Long Term Care Chaos

A headline announcing that CalPERS plans an 85% rate hike for long-term-care insurance would be hard to miss.  If you did miss it, you may see it here: http://articles.latimes.com/2013/feb/21/business/la-fi-calpers-longterm-care-20130222.  I missed it until a friend brought it to my attention.  In an era of double digit health insurance premium increases, a number like 85% still has the power to shock.

What's the story?  First, the premium hikes are  not scheduled to take effect until 2015.  Second, they target perhaps 110,000 people who purchased CalPERS LTC insurance in its early days, from 1995-2004. Third, these 110,000 people purchased lifetime policies.

If LTC insurance is the most difficult to price, lifetime LTC insurance is the king of kings.  Forecasting twenty years into the future on the likely longevity of a population living ever longer into age and disability is, it turns out, very difficult. The same article reports that stroke and dementia have been the leading causes of claims, accounting for 44% of all payouts.

Dementia, in particular, can be hard to track on a disease path. Whether it is because we diagnose dementia earlier or because dementia is more prevalent in an increasingly aging population or even — because of the confluence of these two trends — we live ever longer under the diagnosis of dementia. We are awash in seniors with a dementia diagnosis and in need of long-term care in a variety of settings. Add to this that older women — caregivers of us all– are the most likely sub-population to be diagnosed with dementia and you will understand why the CalPERS spokesperson in the article more or less concedes that the take up rate for this insurance was too high for its business model and the renewal rate for this insurance was too high for its business model. That is how you get to an 85% premium hike.

My students are often astonished to learn that LTC insurance is considered part of health insurance in some other countries.  Seen from a different angle, of course it is beyond strange to realize that we segregate the care of those most likely to need long term care insurance into a distinct product marketed only to older people and likely to appeal only to the old and the farsighted near old. By farsighted I mean those who recall that — so far — everyone dies and that the more common path to death in modern America is one of slow decline from chronic illness and not sudden death.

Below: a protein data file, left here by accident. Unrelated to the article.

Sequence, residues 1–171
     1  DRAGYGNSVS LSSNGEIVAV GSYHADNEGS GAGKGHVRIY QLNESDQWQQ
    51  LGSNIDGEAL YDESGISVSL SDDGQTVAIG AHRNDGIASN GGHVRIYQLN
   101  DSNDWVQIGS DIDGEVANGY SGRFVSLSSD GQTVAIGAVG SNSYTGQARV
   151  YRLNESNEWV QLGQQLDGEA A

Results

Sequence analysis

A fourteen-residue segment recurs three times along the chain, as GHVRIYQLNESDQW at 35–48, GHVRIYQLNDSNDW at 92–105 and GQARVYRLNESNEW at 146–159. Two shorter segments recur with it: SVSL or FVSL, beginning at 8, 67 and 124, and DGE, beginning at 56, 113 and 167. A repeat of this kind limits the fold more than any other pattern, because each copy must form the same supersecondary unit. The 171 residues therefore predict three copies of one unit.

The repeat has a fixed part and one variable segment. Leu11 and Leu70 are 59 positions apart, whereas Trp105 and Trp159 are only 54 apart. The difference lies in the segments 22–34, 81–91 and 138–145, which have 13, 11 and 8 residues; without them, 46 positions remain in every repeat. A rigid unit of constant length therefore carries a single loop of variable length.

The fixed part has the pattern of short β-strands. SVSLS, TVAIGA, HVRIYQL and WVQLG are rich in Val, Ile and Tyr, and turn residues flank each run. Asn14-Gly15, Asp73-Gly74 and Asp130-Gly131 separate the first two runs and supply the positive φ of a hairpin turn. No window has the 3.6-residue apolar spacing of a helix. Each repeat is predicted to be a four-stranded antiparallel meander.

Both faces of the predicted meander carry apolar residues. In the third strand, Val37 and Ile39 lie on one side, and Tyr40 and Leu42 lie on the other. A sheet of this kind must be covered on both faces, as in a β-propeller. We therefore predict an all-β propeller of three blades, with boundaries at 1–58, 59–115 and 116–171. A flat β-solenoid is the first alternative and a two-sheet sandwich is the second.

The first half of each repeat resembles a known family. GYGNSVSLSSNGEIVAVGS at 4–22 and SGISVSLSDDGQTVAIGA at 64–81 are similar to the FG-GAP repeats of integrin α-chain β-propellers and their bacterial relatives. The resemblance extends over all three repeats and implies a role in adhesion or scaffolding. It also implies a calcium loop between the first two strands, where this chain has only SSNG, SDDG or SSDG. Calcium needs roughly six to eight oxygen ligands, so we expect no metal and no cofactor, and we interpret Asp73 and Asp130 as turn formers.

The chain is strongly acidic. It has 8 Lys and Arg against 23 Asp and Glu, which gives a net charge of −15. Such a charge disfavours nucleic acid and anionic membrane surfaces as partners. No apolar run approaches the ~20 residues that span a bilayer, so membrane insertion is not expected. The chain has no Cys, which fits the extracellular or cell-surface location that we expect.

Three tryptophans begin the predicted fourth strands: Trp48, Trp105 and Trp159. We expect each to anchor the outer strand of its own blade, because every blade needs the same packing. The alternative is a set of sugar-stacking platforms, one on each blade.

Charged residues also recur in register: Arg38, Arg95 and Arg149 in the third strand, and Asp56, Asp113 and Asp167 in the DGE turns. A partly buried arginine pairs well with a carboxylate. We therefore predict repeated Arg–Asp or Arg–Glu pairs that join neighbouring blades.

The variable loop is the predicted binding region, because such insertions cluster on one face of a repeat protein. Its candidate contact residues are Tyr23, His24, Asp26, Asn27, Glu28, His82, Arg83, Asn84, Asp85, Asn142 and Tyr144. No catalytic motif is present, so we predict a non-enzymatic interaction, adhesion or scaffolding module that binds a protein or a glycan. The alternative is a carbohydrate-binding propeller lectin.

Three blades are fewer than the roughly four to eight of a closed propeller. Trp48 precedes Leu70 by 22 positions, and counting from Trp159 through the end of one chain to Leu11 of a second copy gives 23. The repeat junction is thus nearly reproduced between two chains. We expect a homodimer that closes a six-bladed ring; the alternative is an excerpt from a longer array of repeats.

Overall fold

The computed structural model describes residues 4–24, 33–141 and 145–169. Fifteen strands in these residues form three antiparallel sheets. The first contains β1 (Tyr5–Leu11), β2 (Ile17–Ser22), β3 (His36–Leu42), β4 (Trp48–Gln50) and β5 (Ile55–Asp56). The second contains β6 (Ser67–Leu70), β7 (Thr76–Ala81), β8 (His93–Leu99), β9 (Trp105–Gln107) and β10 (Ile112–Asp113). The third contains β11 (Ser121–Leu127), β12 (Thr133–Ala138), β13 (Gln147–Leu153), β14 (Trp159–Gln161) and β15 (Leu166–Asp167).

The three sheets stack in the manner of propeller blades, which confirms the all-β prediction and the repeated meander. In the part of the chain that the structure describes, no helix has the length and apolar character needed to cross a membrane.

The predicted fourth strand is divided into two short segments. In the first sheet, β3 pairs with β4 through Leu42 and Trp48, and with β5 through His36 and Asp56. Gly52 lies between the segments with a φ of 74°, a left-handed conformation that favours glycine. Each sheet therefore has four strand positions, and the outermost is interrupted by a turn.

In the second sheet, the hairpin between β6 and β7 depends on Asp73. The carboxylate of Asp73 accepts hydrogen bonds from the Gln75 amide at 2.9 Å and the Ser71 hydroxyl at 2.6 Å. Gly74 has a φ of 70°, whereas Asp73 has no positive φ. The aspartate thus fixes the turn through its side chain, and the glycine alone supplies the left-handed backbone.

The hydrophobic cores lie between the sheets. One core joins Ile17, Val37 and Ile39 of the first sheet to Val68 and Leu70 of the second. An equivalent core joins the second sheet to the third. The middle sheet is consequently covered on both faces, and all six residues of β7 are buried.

All of this is playing out in front of a larger scenario where LTC insurance is cast as an optional health care benefit. Perhaps this is because an estimated 90% of all long term care is family-provided and overwhelmingly the work of women.

When I think about LTC insurance market failures I think about younger and middle aged woman stretched to the limit taking care of older women.  If there ever were a recipe for invisibility in public policy circles, this would be it.

But why 85% at once as a premium hike?  I wonder if it correlates with the demise of the ACA's CLASS Act.  Now that the government will not ramp up a LTC insurance program fueled by payroll-deduction designed default enrollment of every age and demographic group, LTC insurance is back as a product for the well off.  The vast majority of Americans could not afford these CalPERS premiums. Anyway, we Americans mistakenly believe Medicare offers LTC coverage.  It is, of course, Medicaid that offers LTC coverage but only at the cost of considerable impoverishment.

And the shibboleth that huge numbers of American seniors voluntarily impoverish themselves to supp at the banquet of Medicaid-funded nursing home care is just that.  It is statistically inaccurate, yet evocative to consider that more attention is spent advancing this scenario than in considering that nursing home occupancy rates are down. Elders are voting with their feet, sometimes at terrible risk to themselves and often at terrible risk to the health and finances of their senior themselves family caregivers.

Who — as one of my friends aasks — could possibly believe that gaming the system to obtain a Medicaid funded nursing home bed was some kind of victory?  Could such a theorist ever actually have visited a nursing home that accepts Medicaid reimbursement? 


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